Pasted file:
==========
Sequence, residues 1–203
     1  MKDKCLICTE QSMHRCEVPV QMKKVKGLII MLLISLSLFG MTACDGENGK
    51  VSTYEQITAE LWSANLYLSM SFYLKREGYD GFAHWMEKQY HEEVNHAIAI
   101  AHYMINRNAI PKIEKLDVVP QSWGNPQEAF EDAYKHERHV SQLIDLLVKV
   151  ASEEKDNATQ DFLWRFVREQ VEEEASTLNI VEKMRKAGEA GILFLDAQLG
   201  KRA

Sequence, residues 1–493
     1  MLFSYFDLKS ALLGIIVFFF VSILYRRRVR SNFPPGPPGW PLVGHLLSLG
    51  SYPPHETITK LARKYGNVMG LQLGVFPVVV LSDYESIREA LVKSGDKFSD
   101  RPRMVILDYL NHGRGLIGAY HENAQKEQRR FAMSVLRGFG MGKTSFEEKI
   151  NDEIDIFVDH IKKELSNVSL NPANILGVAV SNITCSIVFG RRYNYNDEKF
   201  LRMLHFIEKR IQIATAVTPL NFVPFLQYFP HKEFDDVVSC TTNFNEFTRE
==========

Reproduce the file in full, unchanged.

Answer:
Sequence, residues 1–203
     1  MKDKCLICTE QSMHRCEVPV QMKKVKGLII MLLISLSLFG MTACDGENGK
    51  VSTYEQITAE LWSANLYLSM SFYLKREGYD GFAHWMEKQY HEEVNHAIAI
   101  AHYMINRNAI PKIEKLDVVP QSWGNPQEAF EDAYKHERHV SQLIDLLVKV
   151  ASEEKDNATQ DFLWRFVREQ VEEEASTLNI VEKMRKAGEA GILFLDAQLG
   201  KRA

Sequence, residues 1–493
     1  MLFSYFDLKS ALLGIIVFFF VSILYRRRVR SNFPPGPPGW PLVGHLLSLG
    51  SYPPHETITK LARKYGNVMG LQLGVFPVVV LSDYESIREA LVKSGDKFSD
   101  RPRMVILDYL NHGRGLIGAY HENAQKEQRR FAMSVLRGFG MGKTSFEEKI
   151  NDEIDIFVDH IKKELSNVSL NPANILGVAV SNITCSIVFG RRYNYNDEKF
   201  LRMLHFIEKR IQIATAVTPL NFVPFLQYFP HKEFDDVVSC TTNFNEFTRE